Orchids are currently among the most threatened plants, with many species facing unprecedented levels of decline in the wild. Like many other plant groups, terrestrial orchids are indeed impacted by increasing anthropogenic threats, but they also feature inherent rarity and specific conservation needs, including high dependence on mutualistic interactions with mycorrhizal fungi and pollinators. As a consequence, orchids may often be the first plants to suffer and decline when habitats are degraded. Translocation, either in the form of reinforcement (the addition of individuals into an existing population with the aim of enhancing its viability) or reintroduction (the attempt to re-establish a population in a site where it formerly occurred, but where it is now locally extinct), is recognised as a valuable tool in conservation biology, in conjunction with in situ habitat protection and ex situ conservation, to restore populations that have lost numbers or range. Does such approach account for the high degree of ecological specialisation which is a key attribute for orchid survival? In the framework of its networking activities, the LIFEorchids project, devoted to the protection of 9 orchid species and their habitat 6210(*), invites two leading experts in orchid conservation to share their longstanding experience in terrestrial orchid propagation and outplanting in the field.

Population reinforcement of European terrestrial orchids / S. Pierce. ((Intervento presentato al convegno Experiences in terrestrial orchid translocation tenutosi a (online webinar) nel 2021.

Population reinforcement of European terrestrial orchids

S. Pierce
Primo
Conceptualization
2021

Abstract

Orchids are currently among the most threatened plants, with many species facing unprecedented levels of decline in the wild. Like many other plant groups, terrestrial orchids are indeed impacted by increasing anthropogenic threats, but they also feature inherent rarity and specific conservation needs, including high dependence on mutualistic interactions with mycorrhizal fungi and pollinators. As a consequence, orchids may often be the first plants to suffer and decline when habitats are degraded. Translocation, either in the form of reinforcement (the addition of individuals into an existing population with the aim of enhancing its viability) or reintroduction (the attempt to re-establish a population in a site where it formerly occurred, but where it is now locally extinct), is recognised as a valuable tool in conservation biology, in conjunction with in situ habitat protection and ex situ conservation, to restore populations that have lost numbers or range. Does such approach account for the high degree of ecological specialisation which is a key attribute for orchid survival? In the framework of its networking activities, the LIFEorchids project, devoted to the protection of 9 orchid species and their habitat 6210(*), invites two leading experts in orchid conservation to share their longstanding experience in terrestrial orchid propagation and outplanting in the field.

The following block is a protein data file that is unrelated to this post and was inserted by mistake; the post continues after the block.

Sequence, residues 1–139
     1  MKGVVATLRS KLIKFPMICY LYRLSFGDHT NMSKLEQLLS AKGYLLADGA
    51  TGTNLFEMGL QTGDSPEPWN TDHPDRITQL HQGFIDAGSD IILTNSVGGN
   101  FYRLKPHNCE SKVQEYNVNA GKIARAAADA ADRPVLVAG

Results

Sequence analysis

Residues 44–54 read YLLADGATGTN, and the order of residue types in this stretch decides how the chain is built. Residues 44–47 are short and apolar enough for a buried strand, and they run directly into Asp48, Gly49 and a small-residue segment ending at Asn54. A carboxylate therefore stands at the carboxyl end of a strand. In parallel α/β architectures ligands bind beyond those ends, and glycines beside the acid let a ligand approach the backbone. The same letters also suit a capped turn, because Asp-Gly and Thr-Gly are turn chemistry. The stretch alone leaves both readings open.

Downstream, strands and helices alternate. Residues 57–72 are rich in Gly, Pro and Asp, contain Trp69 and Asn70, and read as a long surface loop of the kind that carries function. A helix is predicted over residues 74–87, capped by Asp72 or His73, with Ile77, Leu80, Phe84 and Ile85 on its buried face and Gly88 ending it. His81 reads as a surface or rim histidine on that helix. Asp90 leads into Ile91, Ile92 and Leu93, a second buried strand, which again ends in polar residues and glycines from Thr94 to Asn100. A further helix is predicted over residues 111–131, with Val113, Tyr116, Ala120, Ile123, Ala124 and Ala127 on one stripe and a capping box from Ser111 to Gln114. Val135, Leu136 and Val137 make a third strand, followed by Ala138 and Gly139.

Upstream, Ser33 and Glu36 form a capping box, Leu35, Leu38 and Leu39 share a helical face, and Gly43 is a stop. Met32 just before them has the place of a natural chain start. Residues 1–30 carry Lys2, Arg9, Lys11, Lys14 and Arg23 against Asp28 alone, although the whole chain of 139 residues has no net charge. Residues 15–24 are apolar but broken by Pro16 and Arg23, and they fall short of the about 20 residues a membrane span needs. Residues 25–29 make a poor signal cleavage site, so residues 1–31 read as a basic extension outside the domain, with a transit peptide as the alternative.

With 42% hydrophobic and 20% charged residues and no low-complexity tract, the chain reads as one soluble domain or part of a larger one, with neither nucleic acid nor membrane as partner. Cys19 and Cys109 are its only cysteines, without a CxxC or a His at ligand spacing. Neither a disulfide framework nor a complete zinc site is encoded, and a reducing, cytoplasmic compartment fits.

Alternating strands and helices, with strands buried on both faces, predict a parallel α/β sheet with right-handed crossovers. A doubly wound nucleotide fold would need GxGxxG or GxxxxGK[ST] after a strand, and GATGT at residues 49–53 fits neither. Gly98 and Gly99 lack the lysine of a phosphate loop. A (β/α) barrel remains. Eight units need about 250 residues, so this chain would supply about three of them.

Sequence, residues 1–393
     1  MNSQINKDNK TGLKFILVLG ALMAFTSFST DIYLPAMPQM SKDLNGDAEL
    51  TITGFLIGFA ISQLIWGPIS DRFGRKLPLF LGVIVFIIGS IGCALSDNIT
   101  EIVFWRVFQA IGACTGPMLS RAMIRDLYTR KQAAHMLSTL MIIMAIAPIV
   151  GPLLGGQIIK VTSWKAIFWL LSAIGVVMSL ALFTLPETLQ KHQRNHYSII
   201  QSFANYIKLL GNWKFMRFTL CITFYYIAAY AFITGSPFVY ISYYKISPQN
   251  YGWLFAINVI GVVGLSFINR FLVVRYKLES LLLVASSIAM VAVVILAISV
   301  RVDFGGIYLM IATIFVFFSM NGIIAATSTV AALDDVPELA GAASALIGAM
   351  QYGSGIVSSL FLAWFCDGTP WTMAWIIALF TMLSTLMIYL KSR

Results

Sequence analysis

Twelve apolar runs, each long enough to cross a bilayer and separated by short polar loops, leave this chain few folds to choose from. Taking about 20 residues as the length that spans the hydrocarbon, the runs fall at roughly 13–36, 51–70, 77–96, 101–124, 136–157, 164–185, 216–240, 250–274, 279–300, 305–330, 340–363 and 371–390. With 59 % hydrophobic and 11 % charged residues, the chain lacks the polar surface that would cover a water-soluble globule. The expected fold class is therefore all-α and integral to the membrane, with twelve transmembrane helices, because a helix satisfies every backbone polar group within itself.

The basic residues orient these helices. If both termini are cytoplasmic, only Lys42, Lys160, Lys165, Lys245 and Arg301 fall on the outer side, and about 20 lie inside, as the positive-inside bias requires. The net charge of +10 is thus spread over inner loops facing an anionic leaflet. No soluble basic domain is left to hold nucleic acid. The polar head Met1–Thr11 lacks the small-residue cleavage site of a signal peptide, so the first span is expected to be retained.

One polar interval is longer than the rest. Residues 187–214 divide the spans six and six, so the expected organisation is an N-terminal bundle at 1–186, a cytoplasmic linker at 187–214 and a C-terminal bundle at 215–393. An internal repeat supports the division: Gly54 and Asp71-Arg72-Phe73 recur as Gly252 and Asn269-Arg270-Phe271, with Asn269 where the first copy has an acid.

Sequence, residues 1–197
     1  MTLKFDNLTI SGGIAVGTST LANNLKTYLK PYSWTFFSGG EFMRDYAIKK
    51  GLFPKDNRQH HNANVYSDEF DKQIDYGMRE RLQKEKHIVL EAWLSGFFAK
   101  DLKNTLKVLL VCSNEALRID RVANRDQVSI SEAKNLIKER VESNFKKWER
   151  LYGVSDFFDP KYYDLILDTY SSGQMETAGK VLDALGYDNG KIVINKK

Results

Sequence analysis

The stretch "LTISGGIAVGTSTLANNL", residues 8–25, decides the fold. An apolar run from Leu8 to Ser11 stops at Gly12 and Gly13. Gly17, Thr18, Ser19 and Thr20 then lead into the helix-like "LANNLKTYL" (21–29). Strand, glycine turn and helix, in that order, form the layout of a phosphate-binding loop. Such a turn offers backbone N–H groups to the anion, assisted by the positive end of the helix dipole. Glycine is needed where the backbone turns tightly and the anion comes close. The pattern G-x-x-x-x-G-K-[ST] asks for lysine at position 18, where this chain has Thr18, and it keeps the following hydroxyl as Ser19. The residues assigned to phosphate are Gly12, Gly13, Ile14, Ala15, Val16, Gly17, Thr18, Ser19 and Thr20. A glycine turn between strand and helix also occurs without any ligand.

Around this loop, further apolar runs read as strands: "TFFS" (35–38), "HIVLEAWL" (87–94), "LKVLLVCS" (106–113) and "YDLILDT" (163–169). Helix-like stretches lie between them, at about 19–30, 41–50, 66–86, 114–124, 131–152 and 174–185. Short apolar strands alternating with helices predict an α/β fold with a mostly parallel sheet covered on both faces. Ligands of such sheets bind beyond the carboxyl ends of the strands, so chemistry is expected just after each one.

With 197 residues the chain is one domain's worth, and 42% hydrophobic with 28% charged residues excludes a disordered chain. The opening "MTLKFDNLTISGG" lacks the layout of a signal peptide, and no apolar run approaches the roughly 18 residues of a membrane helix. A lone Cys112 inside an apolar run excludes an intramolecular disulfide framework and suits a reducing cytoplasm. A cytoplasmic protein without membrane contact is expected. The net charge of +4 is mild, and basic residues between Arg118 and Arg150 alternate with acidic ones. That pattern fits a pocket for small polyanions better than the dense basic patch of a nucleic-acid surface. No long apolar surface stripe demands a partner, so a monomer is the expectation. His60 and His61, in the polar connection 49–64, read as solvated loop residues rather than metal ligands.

Settore BIO/03 - Botanica Ambientale e Applicata
https://www.youtube.com/channel/UCtdeZnLCO1By1BRfshXznzA/videos
Population reinforcement of European terrestrial orchids / S. Pierce. ((Intervento presentato al convegno Experiences in terrestrial orchid translocation tenutosi a (online webinar) nel 2021.
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Utilizza questo identificativo per citare o creare un link a questo documento: https://hdl.handle.net/2434/871202
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